• Note: Species pair with C. dacne as noted in collections in the Florida State Collection of Arthropods, Department of Plant Industry, Gainesville, Florida.

  • Chrysops pikei Whitney, 1904

  • Chrysops pudicus Osten Sacken, 1875 (Suppl. Table 1; Suppl. Fig. 5)

  • Chrysops reicherti Fairchild, 1937

  • (Chrysops sandyi Baier, 1999)

  • Chrysops tidwelli Philip & Jones, 1962

  • Chrysops tumidicornis Baier, 1999

  • Chrysops univittatus Macquart, 1855

    • Florida Record: Johnson & Coquillett 1895

    • Synonymy: Chrysops fraternus Kröber, 1926; Chrysops wiedemanni Kröber, 1926

  • Chrysops upsilon Philip, 1950

    • Florida Record: Fairchild 1978

    • Fairchild 1978. New record.

  • Chrysops vittatus Wiedemann, 1821 (Suppl. Table 1; Suppl. Table 2; Suppl. Fig. 6)

  • Diachlorus ferrugatus (Fabricius), 1805 (Suppl. Table 1; Suppl. Fig. 8)

    • Florida Record: Walker 1848 (as Chrysops approximans), FSCA

    • Synonymy: Diachlorus americanus Palisot de Beauvois, 1819; Diachlorus ataenia Macquart, 1838; Diachlorus approximans Walker, 1848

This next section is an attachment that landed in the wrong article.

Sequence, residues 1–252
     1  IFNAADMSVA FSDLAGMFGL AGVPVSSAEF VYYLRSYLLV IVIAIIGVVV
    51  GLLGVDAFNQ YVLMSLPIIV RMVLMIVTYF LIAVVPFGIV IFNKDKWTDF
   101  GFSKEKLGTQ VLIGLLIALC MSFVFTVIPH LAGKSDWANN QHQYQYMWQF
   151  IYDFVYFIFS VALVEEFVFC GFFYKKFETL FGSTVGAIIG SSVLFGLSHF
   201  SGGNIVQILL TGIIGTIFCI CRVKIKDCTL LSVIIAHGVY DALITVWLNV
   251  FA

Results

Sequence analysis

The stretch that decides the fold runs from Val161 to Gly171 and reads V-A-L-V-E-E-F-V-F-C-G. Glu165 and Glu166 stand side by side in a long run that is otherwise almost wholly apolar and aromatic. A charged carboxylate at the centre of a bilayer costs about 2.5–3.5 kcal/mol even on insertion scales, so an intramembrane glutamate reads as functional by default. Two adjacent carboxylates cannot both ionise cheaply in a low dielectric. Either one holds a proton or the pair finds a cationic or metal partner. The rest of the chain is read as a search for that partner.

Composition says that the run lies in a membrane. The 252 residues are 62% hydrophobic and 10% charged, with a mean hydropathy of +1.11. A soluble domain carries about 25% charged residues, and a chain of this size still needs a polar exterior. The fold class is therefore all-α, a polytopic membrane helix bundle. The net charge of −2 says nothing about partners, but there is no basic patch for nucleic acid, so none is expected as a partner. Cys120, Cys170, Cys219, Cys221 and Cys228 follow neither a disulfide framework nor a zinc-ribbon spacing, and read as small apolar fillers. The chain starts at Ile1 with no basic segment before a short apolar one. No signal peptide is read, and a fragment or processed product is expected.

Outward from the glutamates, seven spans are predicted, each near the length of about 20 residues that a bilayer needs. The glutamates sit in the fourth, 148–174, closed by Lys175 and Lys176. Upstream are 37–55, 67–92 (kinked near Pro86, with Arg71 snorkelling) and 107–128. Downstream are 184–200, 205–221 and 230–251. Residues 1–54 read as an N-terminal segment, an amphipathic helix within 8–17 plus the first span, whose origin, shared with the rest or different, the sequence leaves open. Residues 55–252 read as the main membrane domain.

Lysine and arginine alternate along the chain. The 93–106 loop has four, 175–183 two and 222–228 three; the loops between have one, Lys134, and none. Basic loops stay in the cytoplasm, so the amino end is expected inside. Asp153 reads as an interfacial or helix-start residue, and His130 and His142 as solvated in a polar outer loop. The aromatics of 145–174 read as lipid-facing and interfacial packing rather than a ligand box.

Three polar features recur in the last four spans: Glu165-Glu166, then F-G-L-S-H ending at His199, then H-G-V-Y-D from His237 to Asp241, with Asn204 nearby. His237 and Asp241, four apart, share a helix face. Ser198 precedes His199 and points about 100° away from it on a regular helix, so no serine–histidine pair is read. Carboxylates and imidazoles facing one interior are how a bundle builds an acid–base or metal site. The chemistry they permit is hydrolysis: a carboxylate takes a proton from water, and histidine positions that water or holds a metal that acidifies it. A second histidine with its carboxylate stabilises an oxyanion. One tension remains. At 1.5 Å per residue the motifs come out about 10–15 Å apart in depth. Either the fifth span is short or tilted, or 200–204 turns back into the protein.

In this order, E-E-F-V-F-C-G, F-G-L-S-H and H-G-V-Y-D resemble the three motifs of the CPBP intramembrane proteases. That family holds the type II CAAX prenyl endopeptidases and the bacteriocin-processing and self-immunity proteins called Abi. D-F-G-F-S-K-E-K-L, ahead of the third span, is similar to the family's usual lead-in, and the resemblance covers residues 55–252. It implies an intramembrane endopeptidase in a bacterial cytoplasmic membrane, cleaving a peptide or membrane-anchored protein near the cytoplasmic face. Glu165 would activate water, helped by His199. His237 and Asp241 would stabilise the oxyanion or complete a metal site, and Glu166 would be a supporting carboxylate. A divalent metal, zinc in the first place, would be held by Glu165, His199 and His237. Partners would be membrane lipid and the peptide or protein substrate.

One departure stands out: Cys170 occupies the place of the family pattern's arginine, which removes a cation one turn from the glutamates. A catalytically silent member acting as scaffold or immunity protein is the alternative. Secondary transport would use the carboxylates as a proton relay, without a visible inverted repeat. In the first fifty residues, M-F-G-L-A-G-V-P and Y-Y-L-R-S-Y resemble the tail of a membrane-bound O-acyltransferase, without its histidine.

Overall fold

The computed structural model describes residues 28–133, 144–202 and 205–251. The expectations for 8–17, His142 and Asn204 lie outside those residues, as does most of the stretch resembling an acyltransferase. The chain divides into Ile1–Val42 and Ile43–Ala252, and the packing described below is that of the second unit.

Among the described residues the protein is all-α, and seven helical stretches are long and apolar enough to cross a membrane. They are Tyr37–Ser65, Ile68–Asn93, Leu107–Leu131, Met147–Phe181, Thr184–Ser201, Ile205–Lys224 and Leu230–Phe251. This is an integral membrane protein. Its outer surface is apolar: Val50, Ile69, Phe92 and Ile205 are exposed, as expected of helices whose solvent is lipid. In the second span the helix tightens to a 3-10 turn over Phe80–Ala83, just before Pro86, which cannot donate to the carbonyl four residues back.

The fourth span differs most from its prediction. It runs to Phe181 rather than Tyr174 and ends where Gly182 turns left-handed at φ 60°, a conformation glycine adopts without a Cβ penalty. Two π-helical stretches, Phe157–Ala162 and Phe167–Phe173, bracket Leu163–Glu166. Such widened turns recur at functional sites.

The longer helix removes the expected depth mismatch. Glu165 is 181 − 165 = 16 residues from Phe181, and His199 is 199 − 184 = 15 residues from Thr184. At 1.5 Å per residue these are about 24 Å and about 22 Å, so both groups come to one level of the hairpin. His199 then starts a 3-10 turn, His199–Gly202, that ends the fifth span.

• Haematopota punctulata (Macquart), 1838

    • Florida Record: Johnson & Coquillett 1895 (as H. americana; corrected by Johnson 1912), FSCA

    • Synonymy: Chrysozona punctulata (Macquart), 1838

  • Hamatabanus annularis (Hine), 1917

  • Hamatabanus carolinensis (Macquart), 1838

    • Florida Record: Philip 1947 (as H. scitus), FSCA

    • Synonymy: Hamatabanus scitus (Walker), 1848; Tabanus hirtioculatus Macquart, 1855; Tabanus cerastes Osten Sacken, 1876; Tabanus fraterna Kröber, 1931; Tabanus frater Kröber, 1934

  • Hamatabanus exilipalpis (Stone), 1938

    • Florida Record: Stone 1938 (as T. exilipalpis), FSCA